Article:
I have no legal training and shouldn’t be giving advice on the legality of practising street photography in the UK. This article is intended to provide a list of resources you can use to make your own decisions on how to practice street photography in the UK and the approach that I take to a variety of situations. It is worth noting that Scotland and Northern Ireland can have different laws to England and Wales. If in doubt please consult a solicitor.
Broadly speaking if you are standing in a public place and you are photographing people where there is no expectation of privacy then carry on. As is often the case there are exceptions and as a street photographer you need to have an awareness of the following:
- Children – many photographs that provide a historical record or social commentary of life in the UK have featured children. However, and hopefully for obvious reasons, you may attract undue attention from parents or the police if you are taking photographs of children. Unfortunately this also means that an important segment of our historical photographic narrative is being lost due to the current climate of distrust and fear.
- Homeless & Destitute – taking photos of homelessness or people begging on the street can be like shooting fish in a barrel. It may be easy but will it result in a good photograph? I have also found that the homeless and the destitute are very observant of photographers, hyper-aware of their surroundings, and often do not want their photo taken under any circumstances. In my experience making photographs of people begging results in two things. 1 – a photograph that isn’t a keeper. 2 – a very angry person who doesn’t want their photograph taken and who will follow you around until you delete the photo.
- Private Public Space – there are places which may look public but are actually private. This can affect shopping areas even in city centres, pedestrianised squares and footpaths. You may encounter security guards who ask you to stop taking photographs or ask you to leave.
This isn’t to say that you can’t or shouldn’t take photographs of the above, but you do need to be aware of how you approach the subject and the situation. Would asking permission help? Would having a conversation first and explaining what you are doing make it easier? This is quite possible and for many photographers this is their modus operandi. As a street photographer who aims to produce candid public photographs, this isn’t how I work.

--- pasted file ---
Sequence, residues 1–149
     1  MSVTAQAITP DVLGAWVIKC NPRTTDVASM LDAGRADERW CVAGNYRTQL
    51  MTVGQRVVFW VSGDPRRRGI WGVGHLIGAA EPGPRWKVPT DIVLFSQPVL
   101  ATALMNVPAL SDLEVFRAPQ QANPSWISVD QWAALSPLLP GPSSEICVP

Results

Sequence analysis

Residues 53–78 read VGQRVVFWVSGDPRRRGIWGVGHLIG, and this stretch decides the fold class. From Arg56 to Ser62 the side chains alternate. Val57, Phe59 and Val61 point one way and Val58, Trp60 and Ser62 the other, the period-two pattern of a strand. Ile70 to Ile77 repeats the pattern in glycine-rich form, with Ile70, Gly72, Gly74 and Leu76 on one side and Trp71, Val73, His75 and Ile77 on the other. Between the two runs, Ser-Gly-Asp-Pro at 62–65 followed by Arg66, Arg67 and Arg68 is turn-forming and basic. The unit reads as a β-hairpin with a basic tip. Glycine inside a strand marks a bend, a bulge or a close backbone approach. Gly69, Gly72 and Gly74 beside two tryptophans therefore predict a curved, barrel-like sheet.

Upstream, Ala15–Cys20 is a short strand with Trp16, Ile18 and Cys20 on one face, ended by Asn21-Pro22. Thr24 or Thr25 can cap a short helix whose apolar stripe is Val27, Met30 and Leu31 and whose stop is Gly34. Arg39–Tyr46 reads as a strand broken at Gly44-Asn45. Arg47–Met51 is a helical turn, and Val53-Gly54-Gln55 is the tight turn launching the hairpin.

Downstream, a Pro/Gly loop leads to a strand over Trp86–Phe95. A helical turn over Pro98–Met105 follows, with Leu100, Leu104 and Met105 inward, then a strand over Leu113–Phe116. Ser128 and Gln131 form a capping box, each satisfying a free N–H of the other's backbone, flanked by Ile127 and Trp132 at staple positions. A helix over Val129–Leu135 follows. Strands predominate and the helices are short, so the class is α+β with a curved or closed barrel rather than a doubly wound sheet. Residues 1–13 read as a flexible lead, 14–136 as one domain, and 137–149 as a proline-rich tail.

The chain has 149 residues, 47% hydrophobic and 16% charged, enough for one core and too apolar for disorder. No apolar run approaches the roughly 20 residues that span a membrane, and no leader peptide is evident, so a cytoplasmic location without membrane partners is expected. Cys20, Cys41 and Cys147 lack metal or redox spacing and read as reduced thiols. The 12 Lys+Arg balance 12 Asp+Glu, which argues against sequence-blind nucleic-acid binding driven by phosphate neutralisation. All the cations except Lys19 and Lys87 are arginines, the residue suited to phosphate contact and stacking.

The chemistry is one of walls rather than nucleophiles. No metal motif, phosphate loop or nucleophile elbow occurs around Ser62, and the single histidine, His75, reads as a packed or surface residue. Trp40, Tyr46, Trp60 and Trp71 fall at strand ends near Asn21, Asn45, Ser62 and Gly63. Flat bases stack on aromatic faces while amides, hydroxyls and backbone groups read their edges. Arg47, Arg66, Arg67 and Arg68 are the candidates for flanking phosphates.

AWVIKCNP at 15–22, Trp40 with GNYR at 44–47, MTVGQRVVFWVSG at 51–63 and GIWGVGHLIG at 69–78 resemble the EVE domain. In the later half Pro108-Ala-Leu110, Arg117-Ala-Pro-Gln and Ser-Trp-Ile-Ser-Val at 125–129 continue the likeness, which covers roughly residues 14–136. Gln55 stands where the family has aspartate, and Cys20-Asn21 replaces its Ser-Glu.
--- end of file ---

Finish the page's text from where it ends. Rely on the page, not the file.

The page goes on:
Simon Moran has published a concise, easy to understand, guide to UK Photographers Rights. It covers issues such as where you can take photographs, what can appear in your photographs, and the subsequent publication of your pictures.
I’m A Photographer Not A Terrorist – PHNAT have published a “bust card” which may be useful as a quick reference when confronted by security guards, police or other official looking people. While aimed more towards journalists and documentary or reportage photographers, the advice can be equally applied to street photographers.
The Association of Chief Police Officers (ACPO) published a letter in 2010 setting out guidance for police officers on photographers and photography in public places. ACPO was replaced in 2015 by the National Police Chief’s Council who have not as yet issued similar guidance.
The British Security Industry Association (BISA) publish a guide, only available to BSIA members, covering best practice for security personnel when they encounter photographers. It is relatively easy to find a copy of this publication by searching for “Photography and Hostile Reconnaissance“.
Remember that while there may be no basis for preventing you taking photographs, and you are not under any obligation to delete the photographs, ask yourself if the photos you have made are actually good photos. Are they keepers? If you are in a situation where you feel that the easiest way to diffuse the problem is to delete your photograph then will you have a better day than if you stick to your guns?
If someone spots me taking candid photographs then I use a number of tools and techniques to put them at ease:
- A big, broad, friendly smile
- An explanation of what I do and why
- Business cards – with my name, website and email address
- A way to quickly show a selection of my best photos (since the ones on my camera will be 90% rubbish) such as a portfolio app on my phone
Things not to say (mostly from my own experience):
- I take photos of people looking weird
- I take photos of people doing odd things
- I take photos of people who are doing something funny
- I took your photo because the way you were holding your coffee cup looked like a beak
Things you could say:
- I am practising my photography hobby. As a street photographer I document public spaces and try to capture life in Britain today.
Street photography is how I relax and have fun. I don’t find confrontation fun and as such I aim to balance the chance of confrontation with the work I want to produce. I try to know and understand my rights, as well as the rights of the subjects in my photographs. Because something is legal doesn’t make it right.